Lori Gottlieb,

Lori Gottlieb,

A weeklong electronic journal.
Aug. 18 1998 3:30 AM

Lori Gottlieb,

VIEW ALL ENTRIES

       A call from a Hollywood executive wakes me up, which means I've slept late, because no one in Hollywood ever gets in before 10 a.m. She runs the West Coast office of the company that recently bought the film rights to my book. We talk about an upcoming trade announcement, then she asks how the MCAT went. I tell her it was a disaster, but she says not to worry, that I'm going in the wrong direction anyway. "The wrong direction?" I ask. "You know," she explains, "it's supposed to be doctors who become writers, not writers who become doctors--look at Michael Crichton, Ethan Canin, Robin Cook, Tess Gerritsen." "Yeah, yeah, and Keats and Chekhov," I add, but they don't have movie deals, and I'm not sure she gets the reference.
       I go to sign up for fall courses. I choose biochemistry but can't decide between anatomy and microbiology. Microbio has six hours of lab per week, and the thought of spending my otherwise pleasant afternoons culturing virulent bacteria makes anatomy the winner. I'm in the bookstore buying a textbook with glossy images of bloody body parts--skin peeled away, fascia exposed--when a cute guy strikes up a conversation. "Wanna get a beer sometime?" he asks after we pay at the register. "Yeah, sure," I say, and I give him my number, but then I realize that he's probably 10 years my junior and that when you're 20 years old, "Wanna get a beer sometime?" is code for asking someone on a date. I want to tell him that I'm too old for him, that when I go on dates it's usually to places that have fish forks instead of kegs, but before I can say anything he's already strutting away in his unlaced high tops, a huge grin on his face.
       Back at home, today's mail is bulging through my mail slot. My regular mailman--the one who, upon hearing me play an especially difficult run on the piano, once said, "Wow! You sound just like that guy in The Shining"--is on vacation, so the mail came earlier than usual. I sort through the fat envelopes--secondary applications from medical schools--then The New Yorker, then the bills, and save the two handwritten envelopes for last. One turns out to be an invitation to my ex-agent's L.A. book signing. She's become an author, so a few weeks ago I signed with a new agent, but it was a difficult separation, akin to breaking up with a boyfriend. We spent two hours on the phone the night we "broke up," then the next day I called her about a loose business end and it was terribly awkward. "I didn't sleep much last night," I confessed. "Me neither," she sighed. "I guess it just takes time."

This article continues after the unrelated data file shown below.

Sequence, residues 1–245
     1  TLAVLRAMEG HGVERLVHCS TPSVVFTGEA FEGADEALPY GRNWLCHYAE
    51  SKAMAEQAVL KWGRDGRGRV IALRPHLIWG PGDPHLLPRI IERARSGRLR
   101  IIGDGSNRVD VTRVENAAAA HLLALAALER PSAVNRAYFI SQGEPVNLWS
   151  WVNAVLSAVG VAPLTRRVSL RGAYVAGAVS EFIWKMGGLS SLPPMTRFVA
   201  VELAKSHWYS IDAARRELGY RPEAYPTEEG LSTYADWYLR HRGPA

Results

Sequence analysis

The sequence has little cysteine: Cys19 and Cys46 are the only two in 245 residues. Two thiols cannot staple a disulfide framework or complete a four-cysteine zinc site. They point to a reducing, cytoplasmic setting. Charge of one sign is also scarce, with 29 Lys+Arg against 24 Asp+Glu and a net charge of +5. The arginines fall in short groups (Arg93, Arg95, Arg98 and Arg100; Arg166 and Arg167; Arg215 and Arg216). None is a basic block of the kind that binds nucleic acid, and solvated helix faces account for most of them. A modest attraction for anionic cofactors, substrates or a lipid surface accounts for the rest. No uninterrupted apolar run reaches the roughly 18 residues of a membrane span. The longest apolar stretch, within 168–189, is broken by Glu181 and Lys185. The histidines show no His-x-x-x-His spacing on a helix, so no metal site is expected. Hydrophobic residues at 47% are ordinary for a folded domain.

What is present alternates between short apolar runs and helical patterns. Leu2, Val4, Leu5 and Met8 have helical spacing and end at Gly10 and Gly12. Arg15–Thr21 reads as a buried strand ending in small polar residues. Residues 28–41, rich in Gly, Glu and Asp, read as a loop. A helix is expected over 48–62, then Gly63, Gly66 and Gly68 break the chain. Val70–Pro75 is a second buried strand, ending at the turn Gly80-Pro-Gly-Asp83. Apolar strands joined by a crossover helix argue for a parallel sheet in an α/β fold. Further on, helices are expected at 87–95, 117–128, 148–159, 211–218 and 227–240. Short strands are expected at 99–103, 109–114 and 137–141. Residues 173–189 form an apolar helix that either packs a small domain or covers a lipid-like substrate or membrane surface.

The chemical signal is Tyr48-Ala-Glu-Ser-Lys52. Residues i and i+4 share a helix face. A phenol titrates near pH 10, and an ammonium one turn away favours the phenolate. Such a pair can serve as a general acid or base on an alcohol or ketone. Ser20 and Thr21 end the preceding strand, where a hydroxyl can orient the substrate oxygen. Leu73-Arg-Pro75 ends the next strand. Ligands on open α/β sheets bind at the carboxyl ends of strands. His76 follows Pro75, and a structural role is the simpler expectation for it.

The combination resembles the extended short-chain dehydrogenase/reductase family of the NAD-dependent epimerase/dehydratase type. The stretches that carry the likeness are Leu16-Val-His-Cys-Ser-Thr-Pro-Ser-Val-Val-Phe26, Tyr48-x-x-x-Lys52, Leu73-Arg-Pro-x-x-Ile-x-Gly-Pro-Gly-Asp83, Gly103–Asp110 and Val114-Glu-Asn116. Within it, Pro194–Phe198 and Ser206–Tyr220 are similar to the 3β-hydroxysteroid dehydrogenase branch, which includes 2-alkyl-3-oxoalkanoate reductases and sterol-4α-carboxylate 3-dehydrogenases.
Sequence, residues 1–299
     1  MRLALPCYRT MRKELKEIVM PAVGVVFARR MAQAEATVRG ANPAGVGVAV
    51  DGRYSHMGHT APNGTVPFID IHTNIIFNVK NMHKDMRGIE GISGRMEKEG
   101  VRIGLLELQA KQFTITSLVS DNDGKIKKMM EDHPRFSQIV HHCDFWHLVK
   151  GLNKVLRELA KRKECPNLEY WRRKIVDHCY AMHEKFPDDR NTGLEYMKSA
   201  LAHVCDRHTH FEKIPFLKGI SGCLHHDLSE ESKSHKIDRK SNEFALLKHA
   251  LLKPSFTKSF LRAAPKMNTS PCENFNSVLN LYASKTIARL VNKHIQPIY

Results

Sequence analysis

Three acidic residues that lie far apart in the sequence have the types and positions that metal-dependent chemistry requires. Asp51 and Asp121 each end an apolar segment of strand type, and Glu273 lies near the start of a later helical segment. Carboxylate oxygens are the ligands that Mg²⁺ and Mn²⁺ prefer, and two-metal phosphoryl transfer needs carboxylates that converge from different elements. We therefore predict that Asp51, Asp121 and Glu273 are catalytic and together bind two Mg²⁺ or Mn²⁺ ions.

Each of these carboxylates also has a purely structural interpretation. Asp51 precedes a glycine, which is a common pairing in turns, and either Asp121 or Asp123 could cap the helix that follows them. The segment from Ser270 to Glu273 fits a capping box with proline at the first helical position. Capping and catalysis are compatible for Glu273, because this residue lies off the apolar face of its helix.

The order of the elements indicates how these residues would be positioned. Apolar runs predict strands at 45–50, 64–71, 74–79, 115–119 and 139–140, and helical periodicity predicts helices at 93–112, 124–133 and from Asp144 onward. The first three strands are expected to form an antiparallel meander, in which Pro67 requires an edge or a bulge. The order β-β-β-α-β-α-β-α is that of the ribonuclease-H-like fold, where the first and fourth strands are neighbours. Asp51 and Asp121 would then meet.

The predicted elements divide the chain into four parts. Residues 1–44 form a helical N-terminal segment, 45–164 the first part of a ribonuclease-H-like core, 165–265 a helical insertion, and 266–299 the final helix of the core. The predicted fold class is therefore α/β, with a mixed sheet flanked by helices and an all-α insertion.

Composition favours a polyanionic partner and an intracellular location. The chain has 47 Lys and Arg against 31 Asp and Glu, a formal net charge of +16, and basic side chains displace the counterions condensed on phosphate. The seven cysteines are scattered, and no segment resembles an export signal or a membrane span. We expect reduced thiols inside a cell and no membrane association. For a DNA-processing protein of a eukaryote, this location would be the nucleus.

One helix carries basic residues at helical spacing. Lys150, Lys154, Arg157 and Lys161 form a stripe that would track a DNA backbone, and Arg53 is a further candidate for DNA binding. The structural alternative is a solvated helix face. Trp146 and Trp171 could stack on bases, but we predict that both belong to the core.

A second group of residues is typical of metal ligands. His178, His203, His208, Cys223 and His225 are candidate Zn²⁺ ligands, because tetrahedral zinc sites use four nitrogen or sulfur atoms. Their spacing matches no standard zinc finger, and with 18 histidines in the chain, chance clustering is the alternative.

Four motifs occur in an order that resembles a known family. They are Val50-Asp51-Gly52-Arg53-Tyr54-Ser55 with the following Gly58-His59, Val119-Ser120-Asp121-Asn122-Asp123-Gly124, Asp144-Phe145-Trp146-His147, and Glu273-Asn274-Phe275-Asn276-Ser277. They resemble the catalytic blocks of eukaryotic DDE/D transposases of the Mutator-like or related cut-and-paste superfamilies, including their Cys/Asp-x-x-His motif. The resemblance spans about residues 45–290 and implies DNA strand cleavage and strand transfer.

I'm shocked to discover that the second envelope is from a renowned physicist who's working on a manuscript. He wonders if a creative type like me--one with a science background--might be interested in collaborating. I look over his extensive résumé and catch phrases such as "Congressional Committee," "White House Citation," "Nobel Laureate," "patents," "Special Representative to the President," "NASA," "New York Times," "CNN," "20/20," "Director of International Consortium." I don't really hang with the Nobel laureate crowd, so I fax my agent the résumé to see if she thinks this is a joke. I call a physicist friend and learn that the guy is for real. My agent beeps in and says that working with scientists on commercial manuscripts can be either incredibly rewarding or a flat-out nightmare. She suggests I give him a call, but when I get his voice mail I realize I can't pronounce his consonant-heavy name the way my physicist friend did, so I avoid it altogether and hope the message doesn't sound completely lame.
       In the afternoon, I pick up my pile of med school applications. I've already shelled out $500, written an essay, listed every course I've taken in my entire life, and answered questions about demography, ethnicity, gender, marital status, and fiscal fitness. Now I have the honor of writing several more essays and enclosing another $75 to $95 per school. "If you were admitted to our Esteemed School of Medicine, what could you contribute?" one application asks. The admissions people are a pretty straightforward bunch, so I write something boring about perspective and real-world experience, then I look at another application: "Please describe your greatest flaw," it requests. I start to write about my butt--how it used to be perky and tight and how once I hit 30 I've noticed it sinking a bit--but then I think: WAIT. This is a med school application, not a Cosmo quiz. I search my mind for an egregious character flaw, but I can't think of anything worse than the fact that sometimes, if I need an excuse to get off the phone, I fake call-waiting and say it's New York and I must go.
       I meet my father for dinner at a restaurant on the beach, where we watch the Clinton "speech" with the rest of the people at the bar. A woman next to me says, "I hope Hillary dumps the sleazebag the minute he's out of the White House," and everyone cheers. When I get home, there's a message on my machine from Matt, last night's date. The electronic voice mail informs me that he called at 7:02 p.m., which means he was one of maybe three people in America not tuned into Monicagate. I decide I kind of like Matt, parking technique notwithstanding. I consider calling him back, but instead I blast my Shine CD and dance naked in my living room, not caring about whether the postman thinks I'm Geoffrey Rush or Jack Nicholson.

Lori Gottlieb is Los Angeles-based writer whose first book, Stick Figure: A Diary of My Former Self, is forthcoming. She is currently applying to medical school.